The rise and rise of diesel

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I thought this has to do with today's ultra-high emission standards, which can only be met by high-tech diesel cars, which will depend on high-quality low sulphur diesel which is not available at every station. When I was in the US last time (1998), I saw quite a few old Mercedes W123, most of them Coupés, with diesel engine (Mercedes never sold them that way in Germany).
I see another big problem with the rise of Diesel sales. In my understanding Diesel fuel is one fraction which falls off during the production of normal car fuel. So the amount of diesel available depends on the amount of fuel produced generally. If the sales of Diesel cars rise sharply, while the sales of other cars drop down, oil companys may run short on diesel while having too much other fuel.
Frank
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The GM problem was that they simply used a gas engine and convert it to a diesel...weak engine and tons of problem that scared people away from diesel. Probably a conspiracy.
Diesel is the first product that comes out of refining crude oil... the least amount of effort or energy to produce... so it should be cheaper.
The probability of diesel fuel short production due to high amount of diesel engine sold in US is not likely. The shortage of diesel fuel due to extremely cold winter that put high demand on heating oil is a good possibility.
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Tiger wrote:

To be fair, other diesels of the era weren't so great either. The VW and BMW diesels sold in the US were converted gasoline designs, and also had trouble with head gaskets, etc. Neither was as long-lived as a true diesel either. Same with Peugeot, Audi and Volvo. While the Volvos and Audis weren't as troublesome, they weren't any longer-lived than their gasoline counterparts.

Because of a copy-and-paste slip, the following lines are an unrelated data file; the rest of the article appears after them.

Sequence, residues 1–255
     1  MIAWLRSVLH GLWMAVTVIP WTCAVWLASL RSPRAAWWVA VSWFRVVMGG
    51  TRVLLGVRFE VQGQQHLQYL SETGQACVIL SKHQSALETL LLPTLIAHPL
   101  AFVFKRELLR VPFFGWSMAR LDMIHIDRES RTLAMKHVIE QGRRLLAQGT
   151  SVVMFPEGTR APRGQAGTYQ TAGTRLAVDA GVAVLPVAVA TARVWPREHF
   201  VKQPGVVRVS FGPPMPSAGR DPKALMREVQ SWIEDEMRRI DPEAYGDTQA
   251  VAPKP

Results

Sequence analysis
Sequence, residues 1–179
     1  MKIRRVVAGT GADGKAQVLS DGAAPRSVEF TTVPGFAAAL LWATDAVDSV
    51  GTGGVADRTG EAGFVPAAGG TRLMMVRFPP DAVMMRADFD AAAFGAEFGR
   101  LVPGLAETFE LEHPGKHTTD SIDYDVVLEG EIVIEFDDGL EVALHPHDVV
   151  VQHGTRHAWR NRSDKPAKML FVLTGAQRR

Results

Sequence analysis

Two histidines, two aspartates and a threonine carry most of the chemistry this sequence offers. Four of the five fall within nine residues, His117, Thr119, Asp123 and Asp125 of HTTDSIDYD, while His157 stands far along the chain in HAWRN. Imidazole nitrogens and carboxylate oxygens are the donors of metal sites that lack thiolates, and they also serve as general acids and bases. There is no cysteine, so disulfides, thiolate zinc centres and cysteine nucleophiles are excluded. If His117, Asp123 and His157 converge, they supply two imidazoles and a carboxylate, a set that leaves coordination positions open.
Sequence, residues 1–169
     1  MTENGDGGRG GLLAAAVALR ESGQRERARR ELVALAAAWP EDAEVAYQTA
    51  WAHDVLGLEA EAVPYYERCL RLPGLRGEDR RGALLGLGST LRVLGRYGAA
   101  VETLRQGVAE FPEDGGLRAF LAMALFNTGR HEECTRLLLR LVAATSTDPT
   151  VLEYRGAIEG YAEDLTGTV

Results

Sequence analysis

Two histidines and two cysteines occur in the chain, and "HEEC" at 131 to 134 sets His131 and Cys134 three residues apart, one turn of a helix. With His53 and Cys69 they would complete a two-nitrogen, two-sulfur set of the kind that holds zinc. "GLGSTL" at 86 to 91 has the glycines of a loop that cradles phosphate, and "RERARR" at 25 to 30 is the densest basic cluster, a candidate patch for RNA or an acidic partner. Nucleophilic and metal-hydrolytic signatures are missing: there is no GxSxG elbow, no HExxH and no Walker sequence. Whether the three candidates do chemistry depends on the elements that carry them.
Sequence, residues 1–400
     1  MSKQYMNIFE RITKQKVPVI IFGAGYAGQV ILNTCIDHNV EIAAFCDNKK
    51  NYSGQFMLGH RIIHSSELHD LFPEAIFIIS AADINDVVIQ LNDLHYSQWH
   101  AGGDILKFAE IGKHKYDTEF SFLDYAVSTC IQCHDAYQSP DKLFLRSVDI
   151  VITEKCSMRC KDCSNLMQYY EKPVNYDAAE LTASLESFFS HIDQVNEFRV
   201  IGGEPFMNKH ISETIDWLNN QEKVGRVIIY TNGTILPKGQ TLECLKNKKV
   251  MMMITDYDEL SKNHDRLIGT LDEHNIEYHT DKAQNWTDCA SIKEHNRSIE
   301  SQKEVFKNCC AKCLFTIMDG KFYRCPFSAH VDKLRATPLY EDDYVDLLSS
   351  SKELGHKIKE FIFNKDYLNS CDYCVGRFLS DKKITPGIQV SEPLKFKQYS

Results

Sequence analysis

They'll always find a way to meet market demand, but the connection to home heating oil is true -- diesel prices always go up in winter. The colder the winter, the more they go up.
I look forward to more Euro-diesels being available in the US in the coming years. VW TDI are already selling at a huge premium, both new and used. It's not just the current gas prices that are driving it, either -- it's people finally discovering how good these vehicles are, after years of being deprived of them. There's nothing like chugging over a mountain pass with a full load and the AC on, without having to downshift, or even touch the cruise control.
Matt O.
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Dori A Schmetterling wrote:

No price advantage per se, but you get up to a 50% return on your "investment" in terms of miles per gallon which is what attracts people to Diesel.
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Up to 50% seems to be quite optimistic, I'd rather take a 30% advantage, which still is quite impressive. But you have to take into consideration: Shorter service intervals, more complex technology (turbocharger, high pressure injection system), higher insurance rates (at east here in germany), sometimes higher car prices...
As a rule of thumb you save money with a diesel car in germany, when you travel at least 15.000 miles per year. If germany would not have lower taxes on diesel fuel, figures would look way worse.
BTW: savings depend on the type of car. A comparison made by german car mag ams said, that a Diesel Mercedes is the better choice in every case.
Frank
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Frank Kemper wrote:

Right now in the US, resale value is *much* better for the diesel VWs. This is actually a bigger factor in TCO than the fuel savings.
Matt O.
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Frank Kemper wrote:

into
VW and GM diesels have 30,000 mile potential service intervals while their petrol engines have a 20,000 interval. Also Mercedes and BMW diesels have longer service intervals than petrol equivilents in practice.